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Show up to get a tan, and attend your own funeral instead.
A startling new public service announcement, titled “Free Killer Tan,” hopes to get fans of indoor tanning to think about their risk of skin cancer by inviting unsuspecting New Yorkers into a fake salon, turning it into a mortuary and filming their reactions.
The PSA was sponsored by Mollie’s Fund, a nonprofit organization set up in memory of Mollie Biggane, a college student who died of melanoma at 20. It was produced by New York agency Area 23.
"By targeting tanning bed users in such a dramatic way, we know we can directly impact melanoma statistics," Maggie Biggane, Mollie's mom, told TODAY.
“We had our heart set on this concept because we knew that over the last few years statistics simply weren't doing the job,” added Tim Hawkey, managing director of Area 23.
“People knew the risks and yet they continue to go to tanning salons to the tune of 1 million people per day. We knew we really needed to get under their skin with a shocking in-your-face concept.”
Indoor tanning can cause skin cancers including basal cell carcinoma, squamous cell carcinoma, and melanoma -- the deadliest type, according to the Centers for Disease Control and Prevention. Almost 10,000 Americans died of melanoma last year.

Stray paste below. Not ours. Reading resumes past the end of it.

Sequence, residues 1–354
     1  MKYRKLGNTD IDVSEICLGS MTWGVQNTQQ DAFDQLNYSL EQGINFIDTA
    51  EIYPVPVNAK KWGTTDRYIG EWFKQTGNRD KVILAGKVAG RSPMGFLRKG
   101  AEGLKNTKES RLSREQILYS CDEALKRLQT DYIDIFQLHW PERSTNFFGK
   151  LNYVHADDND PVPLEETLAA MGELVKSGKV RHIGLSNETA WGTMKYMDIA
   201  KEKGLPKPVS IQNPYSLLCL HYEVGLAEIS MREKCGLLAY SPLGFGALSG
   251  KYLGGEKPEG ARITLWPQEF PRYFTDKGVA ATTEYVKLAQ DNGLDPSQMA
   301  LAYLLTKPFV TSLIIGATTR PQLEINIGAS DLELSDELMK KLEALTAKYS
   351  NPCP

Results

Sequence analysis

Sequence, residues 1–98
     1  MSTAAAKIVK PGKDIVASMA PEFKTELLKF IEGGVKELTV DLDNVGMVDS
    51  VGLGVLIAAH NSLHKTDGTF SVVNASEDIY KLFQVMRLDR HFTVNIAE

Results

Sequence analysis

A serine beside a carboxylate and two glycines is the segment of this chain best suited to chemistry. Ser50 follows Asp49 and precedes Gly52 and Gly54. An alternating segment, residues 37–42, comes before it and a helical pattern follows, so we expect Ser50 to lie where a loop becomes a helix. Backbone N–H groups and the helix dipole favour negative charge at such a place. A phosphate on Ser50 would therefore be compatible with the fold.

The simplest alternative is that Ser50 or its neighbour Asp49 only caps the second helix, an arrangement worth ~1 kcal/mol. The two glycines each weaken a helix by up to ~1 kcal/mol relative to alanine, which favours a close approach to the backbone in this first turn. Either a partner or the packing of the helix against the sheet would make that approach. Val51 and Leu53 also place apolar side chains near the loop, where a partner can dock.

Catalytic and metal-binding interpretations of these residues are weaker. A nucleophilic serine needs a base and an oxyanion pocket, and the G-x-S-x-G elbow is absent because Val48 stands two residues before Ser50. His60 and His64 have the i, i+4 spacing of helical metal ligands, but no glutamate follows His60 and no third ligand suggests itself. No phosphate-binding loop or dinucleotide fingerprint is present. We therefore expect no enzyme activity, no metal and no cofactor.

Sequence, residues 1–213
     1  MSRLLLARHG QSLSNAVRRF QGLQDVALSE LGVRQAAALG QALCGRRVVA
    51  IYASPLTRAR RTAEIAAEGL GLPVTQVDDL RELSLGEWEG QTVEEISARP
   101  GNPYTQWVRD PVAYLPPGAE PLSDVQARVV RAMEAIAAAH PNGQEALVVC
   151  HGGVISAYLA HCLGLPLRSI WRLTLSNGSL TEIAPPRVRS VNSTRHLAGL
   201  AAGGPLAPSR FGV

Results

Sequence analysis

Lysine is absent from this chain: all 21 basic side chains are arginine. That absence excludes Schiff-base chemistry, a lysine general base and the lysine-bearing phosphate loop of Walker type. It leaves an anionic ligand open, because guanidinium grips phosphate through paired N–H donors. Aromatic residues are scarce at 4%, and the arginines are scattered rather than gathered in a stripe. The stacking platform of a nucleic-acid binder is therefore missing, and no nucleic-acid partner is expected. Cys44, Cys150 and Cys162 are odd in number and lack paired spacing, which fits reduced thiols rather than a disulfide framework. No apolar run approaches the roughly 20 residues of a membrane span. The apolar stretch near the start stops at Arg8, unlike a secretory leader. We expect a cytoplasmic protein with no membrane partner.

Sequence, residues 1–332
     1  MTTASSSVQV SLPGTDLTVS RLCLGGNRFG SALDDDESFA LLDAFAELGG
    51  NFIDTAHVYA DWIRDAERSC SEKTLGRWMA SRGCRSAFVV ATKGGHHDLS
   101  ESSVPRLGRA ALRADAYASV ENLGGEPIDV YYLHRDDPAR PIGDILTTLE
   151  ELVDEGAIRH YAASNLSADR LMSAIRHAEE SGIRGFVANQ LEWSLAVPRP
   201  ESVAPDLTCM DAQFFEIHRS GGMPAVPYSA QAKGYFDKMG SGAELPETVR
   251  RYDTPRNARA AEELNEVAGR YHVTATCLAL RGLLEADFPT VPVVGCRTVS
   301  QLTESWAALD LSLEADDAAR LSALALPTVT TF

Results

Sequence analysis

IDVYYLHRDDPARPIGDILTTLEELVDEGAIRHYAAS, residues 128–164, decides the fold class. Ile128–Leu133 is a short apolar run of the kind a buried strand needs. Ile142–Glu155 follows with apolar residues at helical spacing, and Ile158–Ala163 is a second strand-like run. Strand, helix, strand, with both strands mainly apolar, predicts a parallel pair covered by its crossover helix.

Indoor tanning is particularly dangerous for younger people, yet a government survey found 21 percent of high school girls are going to salons. Last year the Food and Drug Administration required tanning beds and sum lamps to carry warnings that they should not be used by anyone under age 18. Tanning beds are not only linked to skin cancer and wrinkles, they also cause burns severe enough to send hundreds to emergency rooms each year, according to researchers at the Centers for Disease Control and Prevention.
The PSA was filmed during a frigid week last November because tanning use goes up when the weather gets very cold, Hawkey said. The fake salon was set up near Times Square in New York and was open for three days.
About 20 people showed up. Some of them were actors, but only because the salon was in the theater district. “On that day, they were just normal people looking for a tan,” he noted.
They expected to walk into a booth, but entered a mortuary-like setting, complete with a casket, their picture, mourners, and organ music. The reactions ranged from staring and cursing to laughing nervously. “It was frightening and real,” one said. “After this, never again,” another vowed.
Mollie's family has been thrilled with the response to the PSA, her mom said: More than 300,000 people have viewed the spot.
This story was originally published on Feb. 13 at 2:59 p.m.